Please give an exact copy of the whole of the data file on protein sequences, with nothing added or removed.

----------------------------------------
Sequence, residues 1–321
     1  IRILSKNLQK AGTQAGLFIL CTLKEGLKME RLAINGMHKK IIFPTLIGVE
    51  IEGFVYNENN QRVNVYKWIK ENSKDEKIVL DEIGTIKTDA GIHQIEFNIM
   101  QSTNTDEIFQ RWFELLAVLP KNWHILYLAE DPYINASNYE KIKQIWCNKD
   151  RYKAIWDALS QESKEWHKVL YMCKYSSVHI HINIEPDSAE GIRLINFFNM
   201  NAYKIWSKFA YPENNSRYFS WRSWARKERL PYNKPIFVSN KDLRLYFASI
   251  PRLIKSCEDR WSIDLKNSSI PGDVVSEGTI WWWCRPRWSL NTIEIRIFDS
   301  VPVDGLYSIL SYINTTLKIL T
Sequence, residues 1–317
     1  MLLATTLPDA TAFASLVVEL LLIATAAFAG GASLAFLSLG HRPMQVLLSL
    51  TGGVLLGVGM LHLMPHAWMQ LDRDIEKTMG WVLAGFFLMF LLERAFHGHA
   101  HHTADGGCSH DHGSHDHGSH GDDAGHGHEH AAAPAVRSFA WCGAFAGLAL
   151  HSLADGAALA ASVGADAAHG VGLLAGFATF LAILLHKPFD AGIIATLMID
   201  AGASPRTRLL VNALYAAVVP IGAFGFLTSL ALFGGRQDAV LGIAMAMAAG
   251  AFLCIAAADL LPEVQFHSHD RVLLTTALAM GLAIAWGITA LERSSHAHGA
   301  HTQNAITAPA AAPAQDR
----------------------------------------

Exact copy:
Sequence, residues 1–321
     1  IRILSKNLQK AGTQAGLFIL CTLKEGLKME RLAINGMHKK IIFPTLIGVE
    51  IEGFVYNENN QRVNVYKWIK ENSKDEKIVL DEIGTIKTDA GIHQIEFNIM
   101  QSTNTDEIFQ RWFELLAVLP KNWHILYLAE DPYINASNYE KIKQIWCNKD
   151  RYKAIWDALS QESKEWHKVL YMCKYSSVHI HINIEPDSAE GIRLINFFNM
   201  NAYKIWSKFA YPENNSRYFS WRSWARKERL PYNKPIFVSN KDLRLYFASI
   251  PRLIKSCEDR WSIDLKNSSI PGDVVSEGTI WWWCRPRWSL NTIEIRIFDS
   301  VPVDGLYSIL SYINTTLKIL T
Sequence, residues 1–317
     1  MLLATTLPDA TAFASLVVEL LLIATAAFAG GASLAFLSLG HRPMQVLLSL
    51  TGGVLLGVGM LHLMPHAWMQ LDRDIEKTMG WVLAGFFLMF LLERAFHGHA
   101  HHTADGGCSH DHGSHDHGSH GDDAGHGHEH AAAPAVRSFA WCGAFAGLAL
   151  HSLADGAALA ASVGADAAHG VGLLAGFATF LAILLHKPFD AGIIATLMID
   201  AGASPRTRLL VNALYAAVVP IGAFGFLTSL ALFGGRQDAV LGIAMAMAAG
   251  AFLCIAAADL LPEVQFHSHD RVLLTTALAM GLAIAWGITA LERSSHAHGA
   301  HTQNAITAPA AAPAQDR